3. Scrum artifacts (Product Backlog, Sprint Backlog, an Increment of Something that is “Done”) – each artifact serves as a focal point around which the team can organize itself

Product Backlog: The Product Owner is empowered by the customers to order the Product Backlog by value, risk, priority, necessity, or other factors. This eases the pressure on the team to figure out what they have to do next. At the same time, the Product Owner and team collaborate on the details of the items in the backlog.

Sprint Backlog: The team collaborates to make a short-term work plan to deliver items from the Product Backlog. By planning and acting together, the team learns what it takes to produce valuable results and makes delivering those results the measure of progress.

Increment of Something that is “Done”, usually an increment of potentially shippable software: They trust their colleagues’ motivations because everyone has agreed to pitch in and deliver the next increment of potentially shippable software together.

4. Scrum Teams put the Agile Manifesto into practice:

“Individuals and interactions over processes and tools” The team members work more closely together. Cubicle farms are rare in a truly agile space. It’s also preferred to have the team members co-located instead of spread across the world. The team members speak with each other more often. Not only are conversations held face-to-face, but the act of conversing is preferred over comprehensive documentation.

“Responding to change over following a plan” When you make a big plan up front, you have less tolerance for mistakes because you can’t go back and change things without substantial disruption or cost. On the other hand, a scrum team is encouraged to make decisions as it goes along and limits its risk to the length of the sprint. If something doesn’t work, the team just fixes it in the next sprint.

5. Building high-performance through trust

The team spends very little time in the forming stage because the team members rapidly build trust through applying Scrum. From their very first sprint, they make commitments to each other and diligently practice keeping them. The team members learn each other’s talents and skills by observing them being practiced. They quickly see what others are capable of, and they gain a new level of assurance because they’ve seen their colleagues demonstrate their abilities.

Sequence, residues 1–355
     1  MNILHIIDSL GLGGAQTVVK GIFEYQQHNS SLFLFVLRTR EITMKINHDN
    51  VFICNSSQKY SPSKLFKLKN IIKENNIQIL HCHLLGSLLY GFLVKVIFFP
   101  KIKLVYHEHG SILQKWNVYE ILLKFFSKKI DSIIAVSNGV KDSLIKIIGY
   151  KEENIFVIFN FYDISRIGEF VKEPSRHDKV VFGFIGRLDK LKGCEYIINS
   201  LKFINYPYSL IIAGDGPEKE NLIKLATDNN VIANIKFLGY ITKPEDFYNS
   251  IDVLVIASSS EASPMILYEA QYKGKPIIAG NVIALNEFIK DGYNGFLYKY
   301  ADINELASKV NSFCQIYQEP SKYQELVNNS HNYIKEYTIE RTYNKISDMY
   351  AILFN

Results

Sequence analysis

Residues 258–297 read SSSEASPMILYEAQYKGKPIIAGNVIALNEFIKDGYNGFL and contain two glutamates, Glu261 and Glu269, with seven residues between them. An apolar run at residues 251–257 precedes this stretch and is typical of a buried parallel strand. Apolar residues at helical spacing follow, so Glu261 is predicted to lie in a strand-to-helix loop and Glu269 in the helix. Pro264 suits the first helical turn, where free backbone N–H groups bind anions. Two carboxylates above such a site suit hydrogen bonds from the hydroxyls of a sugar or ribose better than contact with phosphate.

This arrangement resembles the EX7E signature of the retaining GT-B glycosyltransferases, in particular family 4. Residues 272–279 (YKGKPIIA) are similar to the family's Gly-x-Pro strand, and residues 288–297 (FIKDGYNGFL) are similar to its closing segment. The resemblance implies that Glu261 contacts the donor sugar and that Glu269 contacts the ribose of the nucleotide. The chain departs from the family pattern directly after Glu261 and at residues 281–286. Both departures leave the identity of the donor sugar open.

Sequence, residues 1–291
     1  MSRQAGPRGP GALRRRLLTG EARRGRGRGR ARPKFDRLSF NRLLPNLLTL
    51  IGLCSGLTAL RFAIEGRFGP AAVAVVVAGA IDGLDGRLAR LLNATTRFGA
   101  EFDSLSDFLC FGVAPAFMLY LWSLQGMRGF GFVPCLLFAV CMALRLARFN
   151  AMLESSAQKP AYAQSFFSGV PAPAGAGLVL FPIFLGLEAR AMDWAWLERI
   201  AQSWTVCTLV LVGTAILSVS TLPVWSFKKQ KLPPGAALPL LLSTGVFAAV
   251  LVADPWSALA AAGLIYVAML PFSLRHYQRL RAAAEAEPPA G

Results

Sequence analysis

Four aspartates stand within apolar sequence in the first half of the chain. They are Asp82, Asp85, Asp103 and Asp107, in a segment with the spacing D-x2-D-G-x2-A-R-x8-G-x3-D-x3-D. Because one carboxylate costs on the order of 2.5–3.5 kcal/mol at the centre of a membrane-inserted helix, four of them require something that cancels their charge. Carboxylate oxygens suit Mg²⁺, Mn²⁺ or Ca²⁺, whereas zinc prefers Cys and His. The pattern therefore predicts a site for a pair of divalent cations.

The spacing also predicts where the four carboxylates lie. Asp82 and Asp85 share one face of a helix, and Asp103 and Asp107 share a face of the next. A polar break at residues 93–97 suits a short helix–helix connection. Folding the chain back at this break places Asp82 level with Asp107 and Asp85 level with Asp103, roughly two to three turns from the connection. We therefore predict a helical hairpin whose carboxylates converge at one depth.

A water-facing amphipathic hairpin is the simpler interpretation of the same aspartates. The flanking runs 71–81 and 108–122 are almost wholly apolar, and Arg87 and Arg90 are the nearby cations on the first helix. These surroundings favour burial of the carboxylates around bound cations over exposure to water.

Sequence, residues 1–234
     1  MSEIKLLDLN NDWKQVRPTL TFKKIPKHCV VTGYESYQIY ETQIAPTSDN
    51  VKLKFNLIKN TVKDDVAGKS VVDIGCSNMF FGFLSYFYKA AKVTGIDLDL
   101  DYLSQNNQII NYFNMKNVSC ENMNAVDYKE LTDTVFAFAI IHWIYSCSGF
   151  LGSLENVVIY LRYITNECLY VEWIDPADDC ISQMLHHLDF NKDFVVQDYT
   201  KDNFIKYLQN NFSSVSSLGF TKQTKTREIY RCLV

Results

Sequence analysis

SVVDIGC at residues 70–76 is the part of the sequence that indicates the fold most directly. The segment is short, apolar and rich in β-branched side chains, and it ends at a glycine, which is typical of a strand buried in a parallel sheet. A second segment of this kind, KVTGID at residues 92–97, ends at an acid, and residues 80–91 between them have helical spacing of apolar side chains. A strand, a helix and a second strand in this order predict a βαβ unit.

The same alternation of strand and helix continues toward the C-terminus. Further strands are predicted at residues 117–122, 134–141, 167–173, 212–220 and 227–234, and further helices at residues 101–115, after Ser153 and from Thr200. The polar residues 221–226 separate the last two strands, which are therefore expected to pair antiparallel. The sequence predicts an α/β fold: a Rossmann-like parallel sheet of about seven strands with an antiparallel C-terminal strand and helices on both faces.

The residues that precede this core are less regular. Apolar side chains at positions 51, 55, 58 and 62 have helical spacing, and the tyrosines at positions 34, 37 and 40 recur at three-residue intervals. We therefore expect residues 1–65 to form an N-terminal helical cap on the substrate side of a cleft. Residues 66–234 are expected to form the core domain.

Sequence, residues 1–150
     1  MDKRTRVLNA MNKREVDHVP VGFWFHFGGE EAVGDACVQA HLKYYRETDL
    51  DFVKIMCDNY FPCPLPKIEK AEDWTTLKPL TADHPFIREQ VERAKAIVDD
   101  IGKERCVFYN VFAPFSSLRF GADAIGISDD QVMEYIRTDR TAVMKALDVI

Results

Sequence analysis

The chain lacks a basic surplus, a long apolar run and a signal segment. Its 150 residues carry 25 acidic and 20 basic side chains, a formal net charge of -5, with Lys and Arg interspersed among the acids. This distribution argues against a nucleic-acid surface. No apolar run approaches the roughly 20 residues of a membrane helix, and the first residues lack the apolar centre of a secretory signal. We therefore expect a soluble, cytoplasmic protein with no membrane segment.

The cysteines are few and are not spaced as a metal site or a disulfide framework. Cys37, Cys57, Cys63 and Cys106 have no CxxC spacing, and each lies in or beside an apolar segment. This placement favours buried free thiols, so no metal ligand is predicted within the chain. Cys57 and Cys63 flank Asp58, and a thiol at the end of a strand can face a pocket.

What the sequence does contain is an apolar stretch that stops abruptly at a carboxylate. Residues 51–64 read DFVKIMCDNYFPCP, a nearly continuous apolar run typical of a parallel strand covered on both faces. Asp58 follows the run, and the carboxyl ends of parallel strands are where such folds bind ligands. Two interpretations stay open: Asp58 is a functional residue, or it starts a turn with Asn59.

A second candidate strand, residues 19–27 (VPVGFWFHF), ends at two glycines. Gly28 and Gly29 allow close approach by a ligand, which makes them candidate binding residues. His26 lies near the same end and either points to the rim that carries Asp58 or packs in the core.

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Performance Review Pain Review – The Agile Way

Performance Review Pain ReliefTake a piece of yellow paper, a slice of pizza, and a couple of guys with clipboards – and what do you have?

Last week – it was the latest gathering of the North Bay Agile Meetup group. The topic was “Performance Review Pain Relief.” So what would you do with that piece of paper – write a performance review – or make an airplane? At this Meetup – we did both.

Led by Chris Sims of Agile Learning Labs and Harold Shinsanto – we formed agile teams of expert paper airplane manufacturers. And in the course of producing some of the most embarrassing paper airplanes in aeronautical history – the group explored what works and doesn’t work with performance reviews.

In the context of “agile business” – it would be easy to decree that old-fashioned stack-ranking and personal performance reviews should go by the wayside. After all, rating the performance of individuals relative one another runs counter to the ideas of self-organization, teamwork, and continual improvement so central to agile product development.

And until the HR department hops on board the “agile train” – are we just stuck? The group decided no. As an agile team – we can

  • Make sure we clarify “the goal” – understanding the performance criteria for the team and for individuals long before any feedback session

  • Foster a culture of coaching – even when “the boss” is officially only providing annual written feedback in the traditional performance review – coaching can be something done by the team – for the team.

  • Develop systems for continual feedback and improvement – rather than only examining results when the “system” says we must – find ways to frequently improve. Inspect and adapt. Lather, rinse, repeat. Sounds a lot like what we do in agile anyways!
  • And to the Human Resources professionals who may accidentally stumble on the great world of agile, scrum and team-based work – come on over. We’d love to talk. We saved a couple of slices of pizza just for you.